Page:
At 59 per cent, this figure is two per cent above the national average - and includes measures such as eating less meat and using cars less, in a bid to battle climate change.
One of the most promising statistics to emerge from the survey is that people are determined that the next generation contribute to saving the planet. They are, after all, more likely to experience and inherit the consequences of global warming. 78 per cent of parents questioned believe that, at some point, it is important for their children to be educated on sustainability and the preservation of the environment.
Modular Classrooms, who conducted the survey, asked parents’ opinions on the ideal age for children to start learning about these issues and how to combat them in an environmentally-friendly manner. Overall, the majority of Leeds parents felt nursery and reception age - three-to-five - is the most appropriate time for children to be taught about the environment.
As a result, it’s perhaps no surprise that the survey also found 60 per cent of parents admit they would be influenced when selecting a school based on its environmental credentials; that is, a school that encourages recycling or teaches learners about environmental impact. In fact, when sending children to school it was found that for 54 pe cent of parents feel the most important environmental factor to consider is if the building is sustainably constructed. This was followed by: the building being energy efficient (22 per cent), providing recycling bins (20 per cent) and vegetarian or vegan options being provided in the canteen (four per cent).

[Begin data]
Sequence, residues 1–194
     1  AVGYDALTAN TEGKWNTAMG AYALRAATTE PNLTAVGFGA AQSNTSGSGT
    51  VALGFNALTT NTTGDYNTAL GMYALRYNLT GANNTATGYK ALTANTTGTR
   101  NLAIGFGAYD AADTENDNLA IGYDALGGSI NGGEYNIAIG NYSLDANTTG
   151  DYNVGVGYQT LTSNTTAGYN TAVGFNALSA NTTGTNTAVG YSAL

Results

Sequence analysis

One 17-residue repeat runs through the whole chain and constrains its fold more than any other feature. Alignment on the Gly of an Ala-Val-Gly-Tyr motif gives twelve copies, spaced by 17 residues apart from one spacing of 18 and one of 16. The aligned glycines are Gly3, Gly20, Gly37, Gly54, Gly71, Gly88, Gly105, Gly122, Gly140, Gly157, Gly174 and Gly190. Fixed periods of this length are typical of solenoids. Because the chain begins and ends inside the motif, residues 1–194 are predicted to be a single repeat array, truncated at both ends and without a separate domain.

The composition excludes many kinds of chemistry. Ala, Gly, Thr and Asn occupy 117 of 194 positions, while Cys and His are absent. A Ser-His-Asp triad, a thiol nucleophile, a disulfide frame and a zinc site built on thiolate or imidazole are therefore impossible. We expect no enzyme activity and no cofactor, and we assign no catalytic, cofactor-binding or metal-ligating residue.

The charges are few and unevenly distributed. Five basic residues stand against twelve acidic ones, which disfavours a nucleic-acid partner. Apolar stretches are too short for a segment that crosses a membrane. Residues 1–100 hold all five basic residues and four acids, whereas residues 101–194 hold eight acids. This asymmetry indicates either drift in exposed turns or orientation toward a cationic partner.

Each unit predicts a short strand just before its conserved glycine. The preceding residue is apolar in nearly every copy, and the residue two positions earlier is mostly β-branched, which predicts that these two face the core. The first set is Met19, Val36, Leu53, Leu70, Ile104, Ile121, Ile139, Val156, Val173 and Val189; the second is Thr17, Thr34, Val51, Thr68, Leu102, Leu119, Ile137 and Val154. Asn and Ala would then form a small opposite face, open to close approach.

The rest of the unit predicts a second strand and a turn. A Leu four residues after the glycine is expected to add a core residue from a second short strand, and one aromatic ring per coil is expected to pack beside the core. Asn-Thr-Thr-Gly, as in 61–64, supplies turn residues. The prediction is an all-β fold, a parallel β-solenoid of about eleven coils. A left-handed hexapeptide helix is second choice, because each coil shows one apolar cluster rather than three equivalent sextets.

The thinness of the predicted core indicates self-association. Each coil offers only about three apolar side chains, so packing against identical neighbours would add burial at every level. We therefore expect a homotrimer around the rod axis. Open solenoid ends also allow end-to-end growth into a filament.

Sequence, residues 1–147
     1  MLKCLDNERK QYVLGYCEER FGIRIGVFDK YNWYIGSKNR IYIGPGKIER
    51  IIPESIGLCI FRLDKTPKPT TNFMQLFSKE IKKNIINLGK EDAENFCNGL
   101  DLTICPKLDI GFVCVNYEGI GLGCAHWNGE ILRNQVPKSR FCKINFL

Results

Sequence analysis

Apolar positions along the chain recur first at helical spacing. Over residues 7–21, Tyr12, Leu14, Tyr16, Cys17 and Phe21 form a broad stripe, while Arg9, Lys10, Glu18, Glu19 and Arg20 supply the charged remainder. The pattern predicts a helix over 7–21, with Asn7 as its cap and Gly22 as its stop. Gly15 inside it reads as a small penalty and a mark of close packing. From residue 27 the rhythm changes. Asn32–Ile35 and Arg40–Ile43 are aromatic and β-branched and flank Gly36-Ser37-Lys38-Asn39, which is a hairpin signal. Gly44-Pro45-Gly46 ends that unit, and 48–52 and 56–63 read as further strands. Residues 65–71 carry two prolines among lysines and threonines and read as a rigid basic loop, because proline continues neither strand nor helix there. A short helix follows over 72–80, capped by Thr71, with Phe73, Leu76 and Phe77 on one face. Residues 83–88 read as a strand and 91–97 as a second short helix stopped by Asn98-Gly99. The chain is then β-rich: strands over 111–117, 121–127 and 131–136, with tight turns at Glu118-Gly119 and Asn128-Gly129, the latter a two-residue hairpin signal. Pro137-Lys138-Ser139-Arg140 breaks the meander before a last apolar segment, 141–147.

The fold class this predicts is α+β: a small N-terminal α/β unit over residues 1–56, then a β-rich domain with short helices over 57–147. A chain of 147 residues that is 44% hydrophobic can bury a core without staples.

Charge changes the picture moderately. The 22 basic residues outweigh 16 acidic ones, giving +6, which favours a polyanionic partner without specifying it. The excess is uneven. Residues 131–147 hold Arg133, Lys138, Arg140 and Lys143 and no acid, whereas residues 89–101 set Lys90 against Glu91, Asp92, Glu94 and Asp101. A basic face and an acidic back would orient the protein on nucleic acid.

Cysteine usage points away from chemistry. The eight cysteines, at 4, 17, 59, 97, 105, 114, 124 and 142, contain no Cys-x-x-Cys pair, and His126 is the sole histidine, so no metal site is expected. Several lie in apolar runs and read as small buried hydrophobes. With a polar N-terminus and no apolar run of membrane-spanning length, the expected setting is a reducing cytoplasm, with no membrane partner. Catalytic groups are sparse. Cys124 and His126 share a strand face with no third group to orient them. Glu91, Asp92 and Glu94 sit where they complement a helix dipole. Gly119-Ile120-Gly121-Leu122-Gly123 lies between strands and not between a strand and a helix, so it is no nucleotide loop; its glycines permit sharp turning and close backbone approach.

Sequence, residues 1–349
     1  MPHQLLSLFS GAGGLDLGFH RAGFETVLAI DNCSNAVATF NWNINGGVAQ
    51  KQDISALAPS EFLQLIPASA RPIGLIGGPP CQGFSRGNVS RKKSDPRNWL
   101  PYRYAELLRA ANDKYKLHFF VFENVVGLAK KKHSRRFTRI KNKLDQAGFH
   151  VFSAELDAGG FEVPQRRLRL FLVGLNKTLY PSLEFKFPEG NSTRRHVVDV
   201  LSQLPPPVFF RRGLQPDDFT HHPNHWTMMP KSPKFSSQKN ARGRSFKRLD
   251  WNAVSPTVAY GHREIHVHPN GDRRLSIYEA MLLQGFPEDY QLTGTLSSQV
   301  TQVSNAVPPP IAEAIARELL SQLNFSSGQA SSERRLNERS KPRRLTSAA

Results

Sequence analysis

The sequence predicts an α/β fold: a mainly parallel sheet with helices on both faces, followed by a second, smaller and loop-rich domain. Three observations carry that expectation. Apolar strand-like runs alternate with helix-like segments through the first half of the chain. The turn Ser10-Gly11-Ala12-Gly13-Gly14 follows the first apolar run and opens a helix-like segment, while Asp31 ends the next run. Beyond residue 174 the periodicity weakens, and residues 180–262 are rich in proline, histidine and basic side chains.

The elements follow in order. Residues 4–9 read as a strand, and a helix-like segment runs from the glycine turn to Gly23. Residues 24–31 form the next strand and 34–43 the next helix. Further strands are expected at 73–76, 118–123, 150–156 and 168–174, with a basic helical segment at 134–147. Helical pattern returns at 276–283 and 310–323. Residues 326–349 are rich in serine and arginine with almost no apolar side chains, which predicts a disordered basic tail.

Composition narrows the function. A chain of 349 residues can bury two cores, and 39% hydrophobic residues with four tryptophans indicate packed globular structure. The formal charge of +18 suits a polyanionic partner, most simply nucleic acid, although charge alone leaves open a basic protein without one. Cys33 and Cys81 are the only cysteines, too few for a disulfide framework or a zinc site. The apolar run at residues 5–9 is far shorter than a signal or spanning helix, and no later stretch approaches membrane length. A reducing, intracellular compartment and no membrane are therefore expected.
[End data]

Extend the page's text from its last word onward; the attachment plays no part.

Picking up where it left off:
Encouragingly, it seems as though children are already beginning to take note of how we impact the environment, as one-third of parents say their kids have educated them at times on eco issues, such as recycling. Almost three-quarters of parents say they try to lead by example when it comes to teaching kids about taking care of the planet. And 47 per cent admit that they try to purchase products without plastic wrapping while grocery shopping, which is a great example for younger generations to follow.
While recycling isn’t a common process in every school in the UK, 80 per cent of parents said they have faith that if recycling bins were provided, pupils would make a conscious effort to make use of them.
The survey also found 41 per cent of Brits believe that more careers are now available for young people should they wish to study environmental science as part of their education.
“It’s encouraging to see that so many people are willing to make changes to their lives to safeguard not only their future, but the future of their children.” says Mark Brown of Modular Classrooms.
“We can all do our bit, and what children learn in the classroom will have a big impact.”